What Mazda’s global design chief Ikuo Maeda promises while he’s in charge is continuity. In the past few years, Mazda has gone through numerous design changes. Maeda, who is 51 years old, said that the Kodo design language, which will debut in the CX-5 crossover, will filter through the lineup in the future.
Kodo translates to "soul of motion" in Japanese. Major features include a toned-down grille with a stylized Mazda flying wing contour that extends under the grille and over the headlamps.
Maeda said that the styling cue in the signature wing is intended to echo the wavy M in the Mazda logo. The new appearance also includes what Maeda refers to as “rear-loading," a type of bunched-up-in-the-back appearance that’s intended to convey a denser, muscular form.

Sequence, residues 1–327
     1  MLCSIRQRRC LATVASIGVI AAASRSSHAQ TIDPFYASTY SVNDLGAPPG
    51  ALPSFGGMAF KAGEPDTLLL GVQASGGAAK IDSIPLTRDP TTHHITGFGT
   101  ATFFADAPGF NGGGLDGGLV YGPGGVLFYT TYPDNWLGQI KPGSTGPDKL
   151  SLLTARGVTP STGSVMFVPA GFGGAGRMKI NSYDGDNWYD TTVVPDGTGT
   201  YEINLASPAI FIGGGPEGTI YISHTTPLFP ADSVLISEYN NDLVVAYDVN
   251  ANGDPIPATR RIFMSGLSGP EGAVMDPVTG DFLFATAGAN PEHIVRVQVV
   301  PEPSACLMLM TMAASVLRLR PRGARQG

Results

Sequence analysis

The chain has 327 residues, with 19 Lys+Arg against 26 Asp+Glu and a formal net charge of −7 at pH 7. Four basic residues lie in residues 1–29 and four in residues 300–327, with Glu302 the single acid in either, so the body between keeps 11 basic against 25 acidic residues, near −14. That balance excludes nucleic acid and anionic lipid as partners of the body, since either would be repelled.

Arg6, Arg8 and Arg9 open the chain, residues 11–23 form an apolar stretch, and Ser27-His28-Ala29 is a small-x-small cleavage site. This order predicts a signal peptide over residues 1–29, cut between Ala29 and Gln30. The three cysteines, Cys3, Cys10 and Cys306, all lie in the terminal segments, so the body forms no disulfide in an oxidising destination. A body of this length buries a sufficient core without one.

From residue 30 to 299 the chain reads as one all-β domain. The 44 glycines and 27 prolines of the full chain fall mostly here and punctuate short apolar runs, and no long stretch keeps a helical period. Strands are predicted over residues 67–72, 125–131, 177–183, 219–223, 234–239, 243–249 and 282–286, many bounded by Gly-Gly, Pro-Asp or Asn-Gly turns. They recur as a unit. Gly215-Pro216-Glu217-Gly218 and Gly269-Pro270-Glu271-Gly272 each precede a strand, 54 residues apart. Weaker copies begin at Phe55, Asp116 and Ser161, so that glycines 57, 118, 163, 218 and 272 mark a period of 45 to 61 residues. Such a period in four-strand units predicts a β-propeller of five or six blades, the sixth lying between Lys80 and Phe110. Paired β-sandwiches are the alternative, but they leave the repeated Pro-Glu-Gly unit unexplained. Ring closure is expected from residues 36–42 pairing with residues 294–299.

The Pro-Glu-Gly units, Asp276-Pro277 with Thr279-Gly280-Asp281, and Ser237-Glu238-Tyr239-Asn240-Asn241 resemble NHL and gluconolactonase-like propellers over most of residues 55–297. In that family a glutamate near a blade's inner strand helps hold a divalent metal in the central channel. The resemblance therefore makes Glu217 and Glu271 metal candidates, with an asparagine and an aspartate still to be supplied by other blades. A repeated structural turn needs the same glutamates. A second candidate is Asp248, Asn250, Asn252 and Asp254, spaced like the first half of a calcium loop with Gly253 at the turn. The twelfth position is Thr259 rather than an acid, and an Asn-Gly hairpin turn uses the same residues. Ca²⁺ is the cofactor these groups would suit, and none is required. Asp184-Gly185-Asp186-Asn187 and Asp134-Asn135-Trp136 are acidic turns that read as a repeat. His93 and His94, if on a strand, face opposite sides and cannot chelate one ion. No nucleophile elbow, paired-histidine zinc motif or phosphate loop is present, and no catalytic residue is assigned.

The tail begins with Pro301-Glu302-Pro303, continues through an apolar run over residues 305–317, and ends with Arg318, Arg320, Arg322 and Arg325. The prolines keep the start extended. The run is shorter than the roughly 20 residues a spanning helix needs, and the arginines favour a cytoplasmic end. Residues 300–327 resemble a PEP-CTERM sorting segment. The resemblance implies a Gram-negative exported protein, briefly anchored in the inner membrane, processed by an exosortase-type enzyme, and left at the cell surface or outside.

At the Shanghai auto show, Maeda said that the model has the appearance of an “animal ready to pounce." Mazda had been highlighting the fluid, wavelike Nagare design language for years.
However, Nagare (which translates to "flow" in Japanese) was seen in only one production vehicle, the Mazda5 minivan. It was only used after former Mazda design chief Laurens van den Acker, who had campaigned for the Nagare, had transferred to Renault. Maeda took the reins in 2009 and he immediately shifted gears.
He is throwing out Nagare's rippled surface treatment and the broad smiley-face grilles presented by Van den Acker in cars like the Mazda3. Maeda said that future sedan versions will feature rear-loading with a shorter back deck.
The CX-5, which is based on the Minagi concept, will be the first to showcase Maeda's ideas. The CX-5 will make its debut this September at the Frankfurt auto show and it will start selling in the U.S. in 2012.